knife fight

Knife Fight

| June 11, 2013 | 0 Comments

Paul Turner (Rob Lowe; Parks and Recreation) is a world-class political campaign consultant, putting the right person in the right political office despite what personal shortcomings they may have.  He’s all about the greater good, and along with his new assistant Kerstin (Jamie Chung) is working to reelect a California state senator (David Harbour) and a Kentucky governor (Erik McCormack; Will and Grace), as well as put a free clinic doctor (Carrie-Anne Moss; The Matrix) in the Governor’s Mansion.

I kept waiting for the movie to feel like it was spread too thin.  With the premise, it feels like it should be, but amazingly the three storylines remain somewhat balanced and everything works well to push the Paul character forward.  Some people may be asking how a doctor was able to get into a gubernatorial race so late in the game, while the state senator and other governor had already presumably won primaries and were presumably in the final stretches of their respective campaigns, but it didn’t occur to me until after the movie was done that this doesn’t make sense.  The movie itself is well-crafted and the story is well-told, with realistic and interesting characters who have idiosyncrasies without feeling overwritten.  For example, Kerstin is a lesbian, and this fact has nothing to do with her role in each campaign – it’s simply a choice for the character, and I didn’t feel the need to question its significance just like I don’t feel the need to question the significance of the other characters being straight.

Rob Lowe is excellent here, and as much as I enjoy him on Parks and Recreation, it’s nice to see him return more to his signature style.  The film feels slightly reminiscent of The West Wing with the drama and humor blending together nicely, and it’s a real treat to see Lowe and Richard Schiff back on screen together even though neither actors’ characters feel similar to the ones played on The West Wing.  Paul is much more calculating than the idealistic Sam Seaborn, while Richard Schiff’s character, Dimitrius, is fun and flirtatious, and very different from any character Schiff has ever played before.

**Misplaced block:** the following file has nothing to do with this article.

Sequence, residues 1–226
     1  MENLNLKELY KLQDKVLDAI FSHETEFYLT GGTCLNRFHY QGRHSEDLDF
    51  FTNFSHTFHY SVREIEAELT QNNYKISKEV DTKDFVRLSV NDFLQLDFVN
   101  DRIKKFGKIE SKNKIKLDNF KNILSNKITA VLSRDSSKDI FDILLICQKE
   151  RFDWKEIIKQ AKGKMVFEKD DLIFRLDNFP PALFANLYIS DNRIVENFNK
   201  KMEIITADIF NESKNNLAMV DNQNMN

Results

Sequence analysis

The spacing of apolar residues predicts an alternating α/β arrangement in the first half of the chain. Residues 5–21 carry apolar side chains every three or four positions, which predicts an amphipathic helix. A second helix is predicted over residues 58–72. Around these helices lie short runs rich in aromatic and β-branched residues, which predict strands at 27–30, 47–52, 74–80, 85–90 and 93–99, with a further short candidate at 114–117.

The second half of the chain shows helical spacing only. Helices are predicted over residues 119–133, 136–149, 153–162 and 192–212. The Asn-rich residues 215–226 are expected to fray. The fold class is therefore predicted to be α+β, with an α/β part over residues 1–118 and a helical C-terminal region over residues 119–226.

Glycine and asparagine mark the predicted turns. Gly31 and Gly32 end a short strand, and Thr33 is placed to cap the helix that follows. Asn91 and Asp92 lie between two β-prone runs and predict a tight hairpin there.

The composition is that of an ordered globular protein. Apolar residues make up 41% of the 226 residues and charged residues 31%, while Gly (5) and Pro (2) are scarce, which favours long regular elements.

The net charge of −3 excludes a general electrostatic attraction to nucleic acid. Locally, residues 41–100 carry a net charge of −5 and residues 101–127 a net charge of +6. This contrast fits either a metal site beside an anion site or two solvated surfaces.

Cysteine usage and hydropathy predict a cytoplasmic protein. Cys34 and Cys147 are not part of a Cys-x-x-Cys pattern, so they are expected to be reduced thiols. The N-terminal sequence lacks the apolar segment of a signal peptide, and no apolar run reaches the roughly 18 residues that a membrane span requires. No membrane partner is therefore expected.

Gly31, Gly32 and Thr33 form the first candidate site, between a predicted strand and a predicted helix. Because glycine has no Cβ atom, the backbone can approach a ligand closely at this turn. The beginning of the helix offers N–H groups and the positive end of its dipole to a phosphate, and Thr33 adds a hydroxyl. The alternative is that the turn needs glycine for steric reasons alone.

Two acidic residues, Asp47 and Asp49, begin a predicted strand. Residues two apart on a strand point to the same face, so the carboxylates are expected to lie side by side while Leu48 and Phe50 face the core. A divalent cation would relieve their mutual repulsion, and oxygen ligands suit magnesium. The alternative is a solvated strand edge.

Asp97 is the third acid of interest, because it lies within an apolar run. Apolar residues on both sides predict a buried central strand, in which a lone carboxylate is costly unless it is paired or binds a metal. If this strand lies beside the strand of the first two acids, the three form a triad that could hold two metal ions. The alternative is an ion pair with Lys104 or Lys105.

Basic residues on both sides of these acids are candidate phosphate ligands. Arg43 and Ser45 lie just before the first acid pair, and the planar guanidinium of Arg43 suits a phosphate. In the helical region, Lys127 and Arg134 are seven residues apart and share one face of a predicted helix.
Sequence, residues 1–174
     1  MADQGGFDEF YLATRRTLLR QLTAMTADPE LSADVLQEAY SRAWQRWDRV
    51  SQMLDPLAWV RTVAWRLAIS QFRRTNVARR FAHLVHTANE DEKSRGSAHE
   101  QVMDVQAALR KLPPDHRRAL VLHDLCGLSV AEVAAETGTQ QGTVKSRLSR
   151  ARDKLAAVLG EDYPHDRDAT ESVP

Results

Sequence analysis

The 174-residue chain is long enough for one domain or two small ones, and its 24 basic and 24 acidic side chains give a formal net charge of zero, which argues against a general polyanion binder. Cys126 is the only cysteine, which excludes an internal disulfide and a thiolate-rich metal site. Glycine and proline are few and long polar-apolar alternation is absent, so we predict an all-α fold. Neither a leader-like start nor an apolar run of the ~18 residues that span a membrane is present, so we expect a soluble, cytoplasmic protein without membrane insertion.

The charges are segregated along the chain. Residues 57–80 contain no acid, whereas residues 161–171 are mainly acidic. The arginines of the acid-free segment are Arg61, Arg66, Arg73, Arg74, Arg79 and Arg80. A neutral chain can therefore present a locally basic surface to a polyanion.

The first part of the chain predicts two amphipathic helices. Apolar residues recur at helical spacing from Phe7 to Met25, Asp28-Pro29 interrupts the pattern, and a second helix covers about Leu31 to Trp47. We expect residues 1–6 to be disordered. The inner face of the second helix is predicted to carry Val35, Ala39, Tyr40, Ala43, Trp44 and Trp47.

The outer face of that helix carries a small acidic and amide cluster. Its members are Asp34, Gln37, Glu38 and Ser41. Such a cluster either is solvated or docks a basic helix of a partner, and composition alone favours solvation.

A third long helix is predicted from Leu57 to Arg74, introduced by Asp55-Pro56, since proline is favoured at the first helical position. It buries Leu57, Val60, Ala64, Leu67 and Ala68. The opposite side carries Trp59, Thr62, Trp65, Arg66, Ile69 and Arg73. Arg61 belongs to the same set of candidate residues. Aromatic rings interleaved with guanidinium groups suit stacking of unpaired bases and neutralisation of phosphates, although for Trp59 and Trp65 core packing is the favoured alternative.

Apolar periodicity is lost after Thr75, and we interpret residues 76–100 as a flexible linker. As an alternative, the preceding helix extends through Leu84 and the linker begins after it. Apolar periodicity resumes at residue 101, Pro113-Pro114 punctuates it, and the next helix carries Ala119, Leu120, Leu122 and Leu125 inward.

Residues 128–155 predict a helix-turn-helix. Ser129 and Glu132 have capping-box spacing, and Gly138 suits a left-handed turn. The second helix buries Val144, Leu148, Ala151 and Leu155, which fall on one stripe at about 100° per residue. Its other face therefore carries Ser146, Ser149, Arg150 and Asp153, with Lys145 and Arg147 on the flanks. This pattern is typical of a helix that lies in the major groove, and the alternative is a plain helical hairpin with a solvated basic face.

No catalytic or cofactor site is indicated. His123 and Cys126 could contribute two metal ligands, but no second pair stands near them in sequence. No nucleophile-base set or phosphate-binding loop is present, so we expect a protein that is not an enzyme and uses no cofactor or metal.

Another performance I’d like to single out for a moment is Jennifer Morison’s.  She has a small part here, but the nuance she brings to every second of it is really great.  I’ve become a big fan of her work on shows like House, M.D. and How I Met Your Mother, and understand her latest venture Once Upon a Time is very good as well, but her performance here is maybe my favorite yet.  The character is stupid and wide-eyed, but Morrison plays it in a realistic and hilarious way; especially her undying admiration for the big shot reporter in the film, Peaches O’Dell (Julie Bowen).

Overall, a very good movie with a little something for everybody.  It’s funny and dramatic, with characters to hate and root for, and comes in at a clean 95 minutes.

No special features.  Available now on DVD from IFC Films.

About the Author:

Joe Sanders is a playwright and college instructor in Kalamazoo, MI. He has a master's degree in playwriting and a bachelor's degree in creative writing from Western Michigan University, where he currently teaches thought and writing.
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